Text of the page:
Kanye Ain't Doin' No Market ResearchThe biggest problem with this is we often take these inputs at face value. That is to say, very often the brands that the client believes they are competing with offline are not the sites they are competing with for keyword coverage in the SERPs. Also the keywords a client may think they should rank for are not the keywords that are going to help them meet their actual goals.

To simplify it, many SEO teams send clients kickoff questions to get a sense of the keywords they should target and then hop right into the keyword tool. Pages are optimized. Keywords are allocated to pages. Links are built. Content is pushed into social. Performance is measured to identify subsequent opportunities. Obviously it oftentimes goes far more in-depth for many, but this is basically the widely accepted process.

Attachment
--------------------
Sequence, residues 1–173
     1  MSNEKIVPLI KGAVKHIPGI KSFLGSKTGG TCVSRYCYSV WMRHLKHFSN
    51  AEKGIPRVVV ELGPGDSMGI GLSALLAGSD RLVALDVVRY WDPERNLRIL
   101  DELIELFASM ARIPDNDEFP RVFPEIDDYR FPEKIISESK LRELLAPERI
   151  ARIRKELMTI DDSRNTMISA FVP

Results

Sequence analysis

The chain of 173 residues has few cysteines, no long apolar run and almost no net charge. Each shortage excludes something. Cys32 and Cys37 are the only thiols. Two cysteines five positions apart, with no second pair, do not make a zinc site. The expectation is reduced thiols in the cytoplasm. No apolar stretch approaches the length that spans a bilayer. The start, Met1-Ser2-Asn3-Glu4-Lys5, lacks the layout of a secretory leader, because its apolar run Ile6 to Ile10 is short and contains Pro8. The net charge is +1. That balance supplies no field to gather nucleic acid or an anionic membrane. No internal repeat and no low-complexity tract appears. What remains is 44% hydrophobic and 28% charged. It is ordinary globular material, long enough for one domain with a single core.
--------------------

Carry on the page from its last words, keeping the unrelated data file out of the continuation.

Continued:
One of my biggest issues as a consumer of Search that understands SEO is if the results I click appear to be overly optimized I become quite leery of the content. This is simply because in my experience many copywriters (SEO or otherwise) often don’t know what they are talking about. Recalling dusty memories of early in my own SEO career when I wrote copy, in most cases I was just a human article spinner. I definitely read a few wiki articles and the top results for a given keyword and just reworded what other people said. I shared all that to say: Becoming an expert in the niche that you are optimizing for is an extremely underrated step in the SEO process. For this reason, if I were to hire an agency, I would prefer one with extensive prior experience or specialty in my vertical.  All my in-house SEOs – make some noise!